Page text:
USDA Test failure threat causes worry for the upcoming 2020 Farming season.

How can farmers minimize this threat in preparation for a successful 2020 hemp harvest?

In our opinion, it all starts with understanding how, why & when?

Lets start with “HOW”. What classifies this plant as “hemp” is its legally allowed level of THC. In the United States, THC levels must remain below 0.3% Total THC post decarboxylation. This low level of THC is what causes extreme panic and stress throughout the growing season. However, this is not how things have to be. (THCAS) is the gene responsible for THC production and 99.9% detectable using DNA analysis. Excluding any possible plants with the THCAS gene is not only important, but CRUCIAL! This will not only improve your chances at success, but also improve the quality of the end biomass. In our testing of “certified feminzed boax seed” we found that over 50% contained Y chromosomes and were in fact heterogametic, also known as “male” and about 10% tested positive for having dominate (THCAS) genes. However, this is not the fix to all of our problems, THCA production has been found to be produced in small concentrations when other factors come into play, this leads us to “WHY”.

Why does hemp go “hot” even when the THCAS gene is not present? This is not yet fully understood but scientist have given us more insight into what is happening. Current scientific community research shows stress is one of the leading factors to the cannabis plant producing THCA as a emergency response mechanism that may be helping this plant survive in the wild. Cannabinoids and terpenes are produced naturally by cannabis plants to help ward of problems including drought stress, pest infestations and pathogens. This is a normal response to stress for this plant, this is why it has survived through natural disasters and nearly world wide prohibition. As farmers, it should be our goal to produce crops in thriving conditions, preventing stress and boosting yields. However.. consultation after consultation we had the same conversations with farmers. WATER, WATER, WATER! Yes this plant can survive with low amounts of water, but surviving is not thriving. When you stress your plants with a lack of water, the result is a stress response that triggers production of cannabinoids and higher THC. We need to prevent this at ALL COST, trying to save yourself money in water cost over the season may cost you an entire crop. Farmers looking to maximize RIO may find themselves in a better spot if irrigation is priority during the initial grow season, giving the farmers larger yields and more precise control over harvest times. This leads us to “WHEN”.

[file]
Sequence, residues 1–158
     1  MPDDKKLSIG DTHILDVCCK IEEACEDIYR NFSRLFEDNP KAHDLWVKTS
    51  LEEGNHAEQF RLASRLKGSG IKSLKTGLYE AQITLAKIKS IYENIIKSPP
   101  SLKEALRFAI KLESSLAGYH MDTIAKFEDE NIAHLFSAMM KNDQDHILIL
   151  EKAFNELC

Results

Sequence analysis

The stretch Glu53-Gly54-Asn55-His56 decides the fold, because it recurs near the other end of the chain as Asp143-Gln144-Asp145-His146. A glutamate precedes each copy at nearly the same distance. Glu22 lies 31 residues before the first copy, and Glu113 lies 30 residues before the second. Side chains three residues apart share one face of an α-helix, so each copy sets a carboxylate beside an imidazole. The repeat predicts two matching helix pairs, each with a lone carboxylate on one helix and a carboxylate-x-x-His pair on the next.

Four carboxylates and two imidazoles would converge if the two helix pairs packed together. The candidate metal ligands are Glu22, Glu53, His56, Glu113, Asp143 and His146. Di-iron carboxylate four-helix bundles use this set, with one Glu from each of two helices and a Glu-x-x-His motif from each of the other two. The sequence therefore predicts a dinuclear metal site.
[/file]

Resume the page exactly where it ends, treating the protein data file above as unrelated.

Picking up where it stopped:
When do we harvest? Harvesting “time” given by anyone except the breeder, is a guess. Breeders are breeding cultivars for specific cannabinoids, all cannabinoids need to be treated differently. Harvesting at the wrong time could mean either missed ROI or a potential “hot” crop. In most cases harvesting for high CBD is done before the naked eye has the ability to predict harvest windows, this is why potency testing throughout the flowering period is key! Hemp is actually very predictable when grown correctly as its cannabinoids tend to generate at genetically determined ratios. Common CBD/THC Ratios that are found today include 28-1, 30-1 and even a 50-1 ratio phenotype can be found in multiple cultivars including cherry wine and boax. As the flowering period shows its first signs of itself, you will see the plants lateral growth change and start to “stack” onto itself, giving signs of multiple flower sites yet to come. This is followed by white stigma peaking out, growing into what is commonly called its “hairs”, these are part of its female reproductive organs. This is a great sign that harvest season its on its way, but it should be a warning sign that you need to be 100% prepared within weeks. At this stage, you will want to start sending a weekly sample to your local testing facility. Consult with your breeder to determine cannabinoid ratios of said genetics and calculate a harvest window. At this point it is time to plan your certified field test by the USDA. Make sure you are preparing ahead. We suggest planning on the earlier possible chance field can take place, but also within 15 days of the END of your calculated harvest window. This is where large harvest equipment plays an important role and where big agriculture companies have a clear advantage, being able to harvest your crop in a 24 hour window gives farmers the ability to maximize cannabinoid production, while minimizing risk of a failed crop. USDA field test can easily be planned within the 0.01% Total THC range, while allowing farmers to pin point exact harvest times at 0.29-0.3% total THC using in house equipment and/or local labs. Success is built with proper preparation and even better execution. Cheers to a successful 2020 hemp season!